So Far, Sexting, Groping is 2016’s ‘October Surprise’
U.S. presidential campaigns are never predictable, although the number of late-breaking, surprise developments in the 2016 campaign may set the mark.
A historical look at what politicos like to refer to as an “October Surprise”—an unpredictable development that roils the White House race and comes days or weeks, or even earlier than October, before people vote.
Predatory language, groping allegations, sexting and an FBI emails investigation. It’s been the October Surprise that keeps on giving.
Early in the month, WikiLeaks began releasing thousands of hacked emails of Hillary Clinton’s campaign chairman, John Podesta. The emails exposed campaign infighting and raised ethical questions about her family’s charitable foundation.
The emails would have driven news coverage entirely if not for the Access Hollywood recording in which Donald Trump bragged to TV host Billy Bush about sexually assaulting women. Trump dismissed his comments as “locker room talk,” but several women have come forward to say Trump made unwanted sexual advances in the past.
Then came Anthony Weiner. The former New York congressman and estranged husband of Clinton aide Huma Abedin had already been disgraced in a string of sexting scandals. But when the FBI opened an investigation into his alleged communications with a 15-year-old girl, the bureau discovered emails that Director James Comey said appeared “pertinent” to a previously closed investigation into Clinton’s use of a private email server.
Comey’s notice to Congress raised more questions than answers just 11 days before Election Day.
In September, as the race between Republican Mitt Romney and Democratic incumbent Barack Obama was drawing to a close, a secretly recorded video emerged that caught Romney saying 47% of Americans pay no taxes and consider themselves as victims. The comment fed into an existing impression by many voters that Romney wasn’t looking out for ordinary people.
Then in late October, Hurricane Sandy devastated the East Coast, giving Obama a chance to showcase his chief executive credentials, get an appreciative response from Gov. Chris Christie, R-N.J., and leave Romney struggling to strike the right tone.
For more on the election, watch:
Democrat John Kerry headed into the final weekend of the campaign feeling good about his chances of beating President George W. Bush. Then Osama bin Laden released a video lauding the 9/11 attacks and criticizing Bush.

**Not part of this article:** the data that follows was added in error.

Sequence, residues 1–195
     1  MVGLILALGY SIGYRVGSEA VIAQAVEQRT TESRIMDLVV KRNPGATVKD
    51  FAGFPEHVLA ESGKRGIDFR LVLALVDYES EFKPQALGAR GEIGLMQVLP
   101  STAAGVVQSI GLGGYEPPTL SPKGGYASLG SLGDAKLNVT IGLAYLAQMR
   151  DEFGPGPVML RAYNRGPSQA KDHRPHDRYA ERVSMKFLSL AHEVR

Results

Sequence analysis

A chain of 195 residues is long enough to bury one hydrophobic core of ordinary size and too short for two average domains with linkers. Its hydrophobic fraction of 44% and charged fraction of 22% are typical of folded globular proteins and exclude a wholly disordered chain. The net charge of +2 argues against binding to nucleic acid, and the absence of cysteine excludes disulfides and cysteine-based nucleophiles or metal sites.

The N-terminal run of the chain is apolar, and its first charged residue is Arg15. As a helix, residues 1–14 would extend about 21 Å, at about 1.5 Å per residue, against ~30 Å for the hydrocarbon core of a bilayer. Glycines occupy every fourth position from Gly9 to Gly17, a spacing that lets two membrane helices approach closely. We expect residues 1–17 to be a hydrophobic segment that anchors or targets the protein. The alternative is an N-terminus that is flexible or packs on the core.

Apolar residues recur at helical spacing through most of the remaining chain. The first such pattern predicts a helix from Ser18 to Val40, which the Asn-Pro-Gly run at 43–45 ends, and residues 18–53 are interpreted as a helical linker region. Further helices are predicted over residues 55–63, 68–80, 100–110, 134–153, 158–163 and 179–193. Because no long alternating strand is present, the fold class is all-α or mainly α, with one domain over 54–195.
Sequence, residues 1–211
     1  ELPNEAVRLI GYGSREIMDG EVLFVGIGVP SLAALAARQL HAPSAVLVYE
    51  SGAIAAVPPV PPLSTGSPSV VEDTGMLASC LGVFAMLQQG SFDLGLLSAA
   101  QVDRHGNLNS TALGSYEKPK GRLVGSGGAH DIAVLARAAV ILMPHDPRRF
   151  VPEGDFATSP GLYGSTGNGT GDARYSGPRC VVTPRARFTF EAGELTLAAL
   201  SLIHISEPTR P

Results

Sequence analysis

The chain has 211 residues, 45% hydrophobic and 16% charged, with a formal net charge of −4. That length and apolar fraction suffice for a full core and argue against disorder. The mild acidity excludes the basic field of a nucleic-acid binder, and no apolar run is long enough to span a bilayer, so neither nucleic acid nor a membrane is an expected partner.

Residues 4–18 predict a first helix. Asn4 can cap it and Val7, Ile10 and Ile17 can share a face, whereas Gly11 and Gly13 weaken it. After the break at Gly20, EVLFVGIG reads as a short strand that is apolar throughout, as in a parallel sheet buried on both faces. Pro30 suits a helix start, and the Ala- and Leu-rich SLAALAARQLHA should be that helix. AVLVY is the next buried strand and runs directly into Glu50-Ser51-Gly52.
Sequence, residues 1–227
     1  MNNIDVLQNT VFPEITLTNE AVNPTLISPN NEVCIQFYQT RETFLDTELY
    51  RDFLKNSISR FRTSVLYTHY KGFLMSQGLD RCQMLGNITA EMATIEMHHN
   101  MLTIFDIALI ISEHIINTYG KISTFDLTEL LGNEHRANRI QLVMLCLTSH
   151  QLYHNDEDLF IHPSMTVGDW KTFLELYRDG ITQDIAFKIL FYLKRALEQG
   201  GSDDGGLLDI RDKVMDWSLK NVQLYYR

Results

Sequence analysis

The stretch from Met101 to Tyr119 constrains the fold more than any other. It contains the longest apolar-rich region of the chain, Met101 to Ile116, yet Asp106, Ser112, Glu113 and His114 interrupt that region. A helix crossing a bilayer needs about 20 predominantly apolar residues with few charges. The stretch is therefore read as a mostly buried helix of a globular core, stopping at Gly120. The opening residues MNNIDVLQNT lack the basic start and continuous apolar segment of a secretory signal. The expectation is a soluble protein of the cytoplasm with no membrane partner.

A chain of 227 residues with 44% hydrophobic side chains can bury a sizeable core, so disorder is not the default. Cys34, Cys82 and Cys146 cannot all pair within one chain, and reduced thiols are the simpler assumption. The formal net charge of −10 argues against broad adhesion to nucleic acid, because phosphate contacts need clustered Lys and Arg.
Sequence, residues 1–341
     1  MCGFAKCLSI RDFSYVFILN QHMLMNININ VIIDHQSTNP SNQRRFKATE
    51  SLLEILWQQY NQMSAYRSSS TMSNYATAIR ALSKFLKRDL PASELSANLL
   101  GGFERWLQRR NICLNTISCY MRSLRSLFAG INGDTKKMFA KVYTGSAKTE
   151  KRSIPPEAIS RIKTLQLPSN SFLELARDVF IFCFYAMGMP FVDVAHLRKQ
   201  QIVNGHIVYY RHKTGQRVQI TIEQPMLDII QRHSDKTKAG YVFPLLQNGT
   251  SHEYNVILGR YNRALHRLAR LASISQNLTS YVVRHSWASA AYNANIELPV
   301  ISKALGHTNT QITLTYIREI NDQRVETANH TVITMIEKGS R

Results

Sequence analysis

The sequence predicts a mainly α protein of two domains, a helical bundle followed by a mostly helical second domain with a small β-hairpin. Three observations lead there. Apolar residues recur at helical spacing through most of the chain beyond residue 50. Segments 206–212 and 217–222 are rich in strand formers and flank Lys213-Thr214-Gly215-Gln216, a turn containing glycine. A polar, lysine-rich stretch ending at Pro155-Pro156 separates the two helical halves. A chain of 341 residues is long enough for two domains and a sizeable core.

Kerry said he watched the polls freeze and then drop. After the election, Kerry blamed the al-Qaida leader for costing him the presidency. Kerry’s theory was that bin Laden’s comment had agitated voters. “It changed the entire dynamic of the last five days,” Kerry said.
Five days before the election, word surfaced that Bush had been arrested on a misdemeanor drunken driving charge in 1976. Republicans said the release of 24-year-old information at such a time was a Democratic dirty trick, and a Democratic activist acknowledged he had tipped off reporters.
Bush won anyway, but many of his advisers thought the news depressed turnout among social conservatives and made the race much closer than it would have been otherwise.
This was the case of the October Surprise that never happened.
For a year leading up to the presidential election, Democratic President Jimmy Carter had been trying to secure the release of American hostages in Iran. Critics of Ronald Reagan, the Republican challenger, claim that Reagan’s campaign manager and others negotiated privately with the Iranians to ensure that the hostages wouldn’t be released just before the election.
Reagan wound up beating Carter, and the 52 hostages were released the same day that Reagan was inaugurated as president. A congressional task force later concluded there was “no credible evidence” of such a deal.
In 1972, as President Richard Nixon was fending off a challenge from Democratic Sen. George McGovern, Nixon authorized national security adviser Henry Kissinger to say “peace is at hand” in Vietnam. The late October pronouncement was welcome news to the war-fatigued United States, and bolstered Nixon’s re-election mandate.
It turned out Kissinger’s prediction was way off the mark: The heaviest bombing of the war started just before Christmas 1972.